On a more philosophical sphere, I fundamentally didn’t believe in the healing ability of antidepressants either. On the off chance that I did end up feeling better due to ingesting a hodge podge of chemicals, the adjustment of my serotonin levels or realignment of neurotransmitters in my brain didn’t seem to equate with actual happiness. How could they? Is that all it takes to alter my psyche, the thing which I guard so carefully–a few chemicals, a rewiring or neurons, some tangible minutiae of the mechanisms of my brain? Is that really all I am?

Eventually, I swallowed all my fears because I was achingly desperate for change, anything really. So I started on Wellbutrin XL. The first few nights, I slept turbulently and woke up in a sweat every morning. I also lost my appetite. There were days when I subsisted fine off of a half salad and a Cliff bar. In terms of mental effect, I didn’t feel much. I wasn’t bouncing off the walls with jubilance. The most significant and powerful change was in my energy level. I was pulling 4am’s and 5am’s almost every day because I had to give a few hours to be in my state of existential panic before I could seriously begin to sift through my unforgiving workload from classes. Despite such prolonged sleep deprivation, I somehow managed to stay awake in my classes better than I ever had before, which was truly an unfathomable feat. I honestly felt somewhat like an Olympian god, transcendent even of the basic human need of sleep.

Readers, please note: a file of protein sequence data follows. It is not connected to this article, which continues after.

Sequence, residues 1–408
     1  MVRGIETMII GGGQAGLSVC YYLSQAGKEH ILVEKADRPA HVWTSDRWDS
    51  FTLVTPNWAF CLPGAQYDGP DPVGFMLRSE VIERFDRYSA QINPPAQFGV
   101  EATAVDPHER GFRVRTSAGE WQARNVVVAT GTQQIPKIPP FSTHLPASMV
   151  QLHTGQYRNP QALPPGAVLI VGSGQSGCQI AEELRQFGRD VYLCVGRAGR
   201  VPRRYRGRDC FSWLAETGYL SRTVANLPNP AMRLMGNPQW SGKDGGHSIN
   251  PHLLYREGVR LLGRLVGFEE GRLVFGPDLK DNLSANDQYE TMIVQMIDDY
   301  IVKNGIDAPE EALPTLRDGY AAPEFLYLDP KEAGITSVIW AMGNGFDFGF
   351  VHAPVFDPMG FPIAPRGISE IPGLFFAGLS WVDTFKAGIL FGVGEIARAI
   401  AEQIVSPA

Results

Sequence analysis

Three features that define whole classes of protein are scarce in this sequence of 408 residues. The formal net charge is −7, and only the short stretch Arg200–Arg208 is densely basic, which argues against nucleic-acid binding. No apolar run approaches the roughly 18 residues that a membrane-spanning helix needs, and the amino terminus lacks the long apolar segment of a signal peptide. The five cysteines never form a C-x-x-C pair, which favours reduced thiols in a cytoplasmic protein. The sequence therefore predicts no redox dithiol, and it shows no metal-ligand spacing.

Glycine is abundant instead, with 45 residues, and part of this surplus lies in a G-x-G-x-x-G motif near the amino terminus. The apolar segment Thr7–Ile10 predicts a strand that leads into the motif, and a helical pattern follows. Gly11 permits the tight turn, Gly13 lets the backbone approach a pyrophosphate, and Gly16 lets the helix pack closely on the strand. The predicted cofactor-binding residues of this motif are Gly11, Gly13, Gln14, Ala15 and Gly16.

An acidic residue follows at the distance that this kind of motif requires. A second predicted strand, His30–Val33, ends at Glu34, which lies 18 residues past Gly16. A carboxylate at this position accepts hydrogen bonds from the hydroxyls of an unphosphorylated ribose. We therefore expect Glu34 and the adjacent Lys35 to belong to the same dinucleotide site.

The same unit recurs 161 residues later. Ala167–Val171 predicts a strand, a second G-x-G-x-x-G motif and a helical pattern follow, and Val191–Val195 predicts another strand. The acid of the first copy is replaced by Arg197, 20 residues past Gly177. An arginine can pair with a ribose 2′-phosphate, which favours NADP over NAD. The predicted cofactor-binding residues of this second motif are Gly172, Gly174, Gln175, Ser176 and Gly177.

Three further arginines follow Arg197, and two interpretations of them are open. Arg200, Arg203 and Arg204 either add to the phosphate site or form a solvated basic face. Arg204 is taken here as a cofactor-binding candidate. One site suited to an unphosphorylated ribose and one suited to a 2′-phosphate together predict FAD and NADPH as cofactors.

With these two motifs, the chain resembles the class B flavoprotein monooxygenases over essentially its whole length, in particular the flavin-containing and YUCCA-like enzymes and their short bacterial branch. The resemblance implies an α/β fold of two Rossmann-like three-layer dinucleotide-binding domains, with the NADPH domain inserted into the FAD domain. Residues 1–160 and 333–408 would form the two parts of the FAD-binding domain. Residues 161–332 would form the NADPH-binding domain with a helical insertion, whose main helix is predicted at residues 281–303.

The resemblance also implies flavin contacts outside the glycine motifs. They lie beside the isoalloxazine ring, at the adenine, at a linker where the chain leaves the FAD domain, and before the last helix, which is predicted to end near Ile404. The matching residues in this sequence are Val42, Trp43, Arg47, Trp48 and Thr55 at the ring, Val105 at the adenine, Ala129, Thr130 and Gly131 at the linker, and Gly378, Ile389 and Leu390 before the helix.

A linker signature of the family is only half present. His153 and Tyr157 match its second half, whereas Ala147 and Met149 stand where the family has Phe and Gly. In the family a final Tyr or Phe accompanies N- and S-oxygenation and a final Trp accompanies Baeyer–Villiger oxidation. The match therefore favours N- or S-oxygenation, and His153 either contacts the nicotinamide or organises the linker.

These initial side effects gradually wore off as my body adjusted. I began sleeping quite deeply, and I think all my sleep deprivation caught up to me eventually. For the last few weeks of school, I consistently slept past all my morning classes because I legitimately couldn’t hear my alarm clock. This deepness of sleep alarmed me. Who was I becoming?! A lethargic loch ness?!

All antidepressants do is give you the physical energy boost to actually wash your face, get out of bed, and go through daily motions. And that is enough. That is more than enough. Because I was able to stay afloat my schoolwork, that was one less thing I had to bash on myself for. I believe that made all the difference. I might not have made the finish line through second semester otherwise. And I can’t describe how good it feels to be on the other side because summer has been forgiving, rejuvenating, and healing. I have had time to really think clearheadedly.

These past few weeks, I’ve been feeling more like myself than I have for many months. I’m not entirely sure I can pinpoint a formula for the bettering of my mental health. I’m not religious, so I don’t attribute my wellbeing to some celestial force. Nor do I think antidepressants magically healed me, or my therapist guided me to see the light. Mostly, I just….grew up, I suppose. I sincerely believe life is a forgetting game. I always find myself wishing for some sort of amnesia. I wish I could forget what the past was like. I wish I could stop obsessing over how hurt others have made me feel. I haven’t exactly forsaken my past or this depression I’ve been struggling with. What I mean is eventually, time helps you forget these sort of things by laying new layers of meaning and experiences atop the pain…like a mille feuille. I admit, what happens isn’t really amnesia but rather an expansion of perspective, so that the past doesn’t have to occupy the forefront of your mind anymore. Eventually, life becomes somewhat bearable again. And if you’re lucky, you might even wake up and feel blessed to be alive someday.